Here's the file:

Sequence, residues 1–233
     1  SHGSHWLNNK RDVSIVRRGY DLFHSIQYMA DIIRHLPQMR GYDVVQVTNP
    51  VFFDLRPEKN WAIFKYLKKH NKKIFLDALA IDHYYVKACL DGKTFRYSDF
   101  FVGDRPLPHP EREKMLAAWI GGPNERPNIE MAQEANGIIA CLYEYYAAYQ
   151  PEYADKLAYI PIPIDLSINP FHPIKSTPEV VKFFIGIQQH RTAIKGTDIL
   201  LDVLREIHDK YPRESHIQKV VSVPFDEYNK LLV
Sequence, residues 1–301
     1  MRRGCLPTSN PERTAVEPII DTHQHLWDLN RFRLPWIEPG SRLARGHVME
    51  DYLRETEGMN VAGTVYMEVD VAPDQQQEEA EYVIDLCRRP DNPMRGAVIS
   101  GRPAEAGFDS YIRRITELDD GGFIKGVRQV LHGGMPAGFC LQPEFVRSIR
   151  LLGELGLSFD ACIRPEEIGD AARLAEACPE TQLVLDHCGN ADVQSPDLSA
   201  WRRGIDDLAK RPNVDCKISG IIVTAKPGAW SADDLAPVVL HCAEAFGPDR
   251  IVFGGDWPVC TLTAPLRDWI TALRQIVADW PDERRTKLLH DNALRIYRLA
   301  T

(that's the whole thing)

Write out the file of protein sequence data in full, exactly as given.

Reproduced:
Sequence, residues 1–233
     1  SHGSHWLNNK RDVSIVRRGY DLFHSIQYMA DIIRHLPQMR GYDVVQVTNP
    51  VFFDLRPEKN WAIFKYLKKH NKKIFLDALA IDHYYVKACL DGKTFRYSDF
   101  FVGDRPLPHP EREKMLAAWI GGPNERPNIE MAQEANGIIA CLYEYYAAYQ
   151  PEYADKLAYI PIPIDLSINP FHPIKSTPEV VKFFIGIQQH RTAIKGTDIL
   201  LDVLREIHDK YPRESHIQKV VSVPFDEYNK LLV
Sequence, residues 1–301
     1  MRRGCLPTSN PERTAVEPII DTHQHLWDLN RFRLPWIEPG SRLARGHVME
    51  DYLRETEGMN VAGTVYMEVD VAPDQQQEEA EYVIDLCRRP DNPMRGAVIS
   101  GRPAEAGFDS YIRRITELDD GGFIKGVRQV LHGGMPAGFC LQPEFVRSIR
   151  LLGELGLSFD ACIRPEEIGD AARLAEACPE TQLVLDHCGN ADVQSPDLSA
   201  WRRGIDDLAK RPNVDCKISG IIVTAKPGAW SADDLAPVVL HCAEAFGPDR
   251  IVFGGDWPVC TLTAPLRDWI TALRQIVADW PDERRTKLLH DNALRIYRLA
   301  T